equipment

Discussion in 'Photography Beginners' Forum' started by rafwolf, Sep 10, 2010.

  1. rafwolf

    rafwolf TPF Noob!

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    Hello,
    I'm new in the Forum and also in the area of professional photography. I have a Sony H50 which have helped me in these years. I decided to abandon the autofocus and I'm now looking for something professional. I need an equipment resistent, good and not so expensive to take photos in the wild, of birds, mammals and also macro. I don't know what to get and I'm afraid to get the wrong stuff or something that is difficult to manage....hope you guys could give me a light..

    Thanks,
    Raf
     
  2. tirediron

    tirediron Watch the Birdy! Staff Member Supporting Member

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    First of all, don't abandon auto-focus. Auto-focus on modern DSLRs is a boon, especially in wildlife photography. Unfortunately, for your stated purpose, it's pretty much at odds with 'not so expensive'. Professional gear is pricey, as is the specialized gear for wildlife photography. To even begin to start, we'd need some idea of how much you are able to spend.
     
  3. AdrianC

    AdrianC TPF Noob!

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    Not sure what you meant there, any modern camera will autofocus.

    Anyway, sounds like you are looking for a dSLR. Either Nikon or Canon will do.

    What is your budget?

    For Nikon, you have the d3000, d3100 and d5000 as entry level cameras. They are ok, however they do not have an integrated focusing motor (meaning you are limited to buying AF-S lenses, which are more expensive). Also entry level cameras have less dedicated buttons which makes it slightly more difficult to change certain settings.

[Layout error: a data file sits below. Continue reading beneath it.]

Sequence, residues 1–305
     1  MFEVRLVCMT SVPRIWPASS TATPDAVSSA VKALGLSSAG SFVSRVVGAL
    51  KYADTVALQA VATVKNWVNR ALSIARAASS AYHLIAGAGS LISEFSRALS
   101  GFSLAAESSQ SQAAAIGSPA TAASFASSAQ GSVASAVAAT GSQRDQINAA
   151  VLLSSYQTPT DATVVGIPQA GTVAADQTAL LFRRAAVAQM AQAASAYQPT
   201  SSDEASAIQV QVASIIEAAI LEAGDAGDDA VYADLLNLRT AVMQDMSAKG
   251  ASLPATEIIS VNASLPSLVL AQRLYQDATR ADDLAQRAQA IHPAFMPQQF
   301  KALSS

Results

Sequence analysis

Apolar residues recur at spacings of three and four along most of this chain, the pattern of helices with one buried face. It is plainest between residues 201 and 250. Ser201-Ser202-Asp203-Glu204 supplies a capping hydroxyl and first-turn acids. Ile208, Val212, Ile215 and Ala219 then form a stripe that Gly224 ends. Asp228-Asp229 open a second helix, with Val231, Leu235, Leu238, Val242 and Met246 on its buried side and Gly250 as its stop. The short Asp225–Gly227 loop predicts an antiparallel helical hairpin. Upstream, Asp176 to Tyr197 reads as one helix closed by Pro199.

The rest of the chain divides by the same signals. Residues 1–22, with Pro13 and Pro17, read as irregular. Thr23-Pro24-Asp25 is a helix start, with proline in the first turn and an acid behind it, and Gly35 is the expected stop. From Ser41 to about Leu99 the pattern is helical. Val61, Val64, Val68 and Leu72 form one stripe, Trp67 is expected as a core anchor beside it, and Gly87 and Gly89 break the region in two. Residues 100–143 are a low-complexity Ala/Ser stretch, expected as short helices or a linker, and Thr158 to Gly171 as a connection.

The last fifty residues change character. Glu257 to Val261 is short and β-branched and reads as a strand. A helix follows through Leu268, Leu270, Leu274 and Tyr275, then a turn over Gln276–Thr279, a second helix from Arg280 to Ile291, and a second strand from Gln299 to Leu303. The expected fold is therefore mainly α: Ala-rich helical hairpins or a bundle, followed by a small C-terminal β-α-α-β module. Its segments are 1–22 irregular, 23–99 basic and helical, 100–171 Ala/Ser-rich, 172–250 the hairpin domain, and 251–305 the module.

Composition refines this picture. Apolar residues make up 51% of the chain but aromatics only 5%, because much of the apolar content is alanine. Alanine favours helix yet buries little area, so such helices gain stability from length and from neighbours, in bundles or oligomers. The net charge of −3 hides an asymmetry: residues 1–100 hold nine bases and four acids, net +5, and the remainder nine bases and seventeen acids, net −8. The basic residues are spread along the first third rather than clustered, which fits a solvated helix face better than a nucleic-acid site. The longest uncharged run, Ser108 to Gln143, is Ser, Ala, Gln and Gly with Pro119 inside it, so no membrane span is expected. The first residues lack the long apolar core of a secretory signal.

The d90 is a slightly more advanced camera, which offers a couple of extra features. Its fully compatible will all Nikon lenses.

    There are higher end Nikon cameras, but most people start off with one of the cameras I mentioned.

    For Cannon, I don't really know much about their lineup, so a Canon shooter will have to help you out there. The two brands are pretty much the same quality wise, tho.
     
  4. KmH

    KmH Helping photographers learn to fish Supporting Member

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    AF-S lenses are not across-the-board more expensive than AF lenses that do not have a focus motor in them. The D3000/D3100/D500 can auto focus with Nikon AF-I lenses too.

    Nikon makes 3 levels of lenses:
    1. Consumer, or kit lenses
    2. Prosumer
    3. Professional
    There are a couple of exceptions but most of the AF lenses are prosumer lenses and cost a lot more than consumer AF-S kit lenses;

    AF-S DX NIKKOR 35mm f/1.8G - $200 ......... AF NIKKOR 35mm f/2D - $390

    AF-S DX NIKKOR 18-55mm f/3.5-5.6G VR - $200 ......... AF Zoom-NIKKOR 18-35mm f/3.5-4.5D IF-ED - $670

    AF-S DX VR Zoom-NIKKOR 55-200mm f/4-5.6G IF-ED - $250 ........ AF Zoom-NIKKOR 80-200mm f/2.8D ED - $1225

    AF-S DX Zoom-NIKKOR 18-70mm f/3.5-4.5G IF-ED - $460 ........ AF Zoom-NIKKOR 24-85mm f/2.8-4D IF - $745
     
  5. AdrianC

    AdrianC TPF Noob!

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    Well yeah, but you're not really comparing lenses from the same league. Except for the first one, all the other AF-S examples you posted are slower then their AF counterparts.

    For example, a better match for the 80-200mm AF lens would be the 70-200 2.8 AF-S which costs over $2000.

    Anyway, I was thinking more along the lines of, you can get a 50mm 1.8 AF lens for about 100 bucks, the 1.4 AF is about 300 and the 1.4 AF-S is 500. There is no 1.8 AF-S.
     

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